TomTom recently copped some flack from its Dutch users when they sold aggregate location data to authorities, which in turn were using the data to place speed traps.
This week, it seems like TomTom Australia is about to do the same thing, with plans to make data collected about its customers’ journeys – such as travel time, speeds, and routes taken – available for sale to road authorities and private companies later in the year.
Privacy advocates are concerned, and are calling on companies collecting this data to be more up-front on its use, and give the user a clear and simple way to opt-out. They have suggested that all data-collecting devices come with a mandatory sticker to inform the consumer.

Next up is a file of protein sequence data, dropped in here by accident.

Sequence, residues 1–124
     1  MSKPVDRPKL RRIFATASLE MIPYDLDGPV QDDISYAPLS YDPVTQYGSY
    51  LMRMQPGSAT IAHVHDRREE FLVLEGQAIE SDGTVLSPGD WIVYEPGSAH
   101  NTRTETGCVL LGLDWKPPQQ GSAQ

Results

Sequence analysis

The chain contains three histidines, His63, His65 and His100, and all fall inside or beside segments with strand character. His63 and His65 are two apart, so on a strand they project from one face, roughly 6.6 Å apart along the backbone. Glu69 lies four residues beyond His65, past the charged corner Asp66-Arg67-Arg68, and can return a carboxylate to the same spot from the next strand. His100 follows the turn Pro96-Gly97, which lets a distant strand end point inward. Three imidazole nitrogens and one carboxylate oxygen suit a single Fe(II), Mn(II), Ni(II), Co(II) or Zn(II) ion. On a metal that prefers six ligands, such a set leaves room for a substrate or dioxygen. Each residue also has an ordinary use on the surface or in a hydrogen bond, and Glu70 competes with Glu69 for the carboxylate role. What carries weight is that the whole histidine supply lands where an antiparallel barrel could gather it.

TomTom Australia's vice-president of marketing Chris Kearney, in a phone interview with the Sydney Morning Herald, said that the privacy concerns are not applicable as the data is de-coupled from individual users and is purely time-stamped GPS data.
Because of the feedback received in the Netherlands, Mr Kearny said that TomTom would have to examine ways of preventing the data being used to create speed traps in Australia.
The data could be used by road authorities to identify and fix bottlenecks, or by private companies like marketing agencies to better place billboards.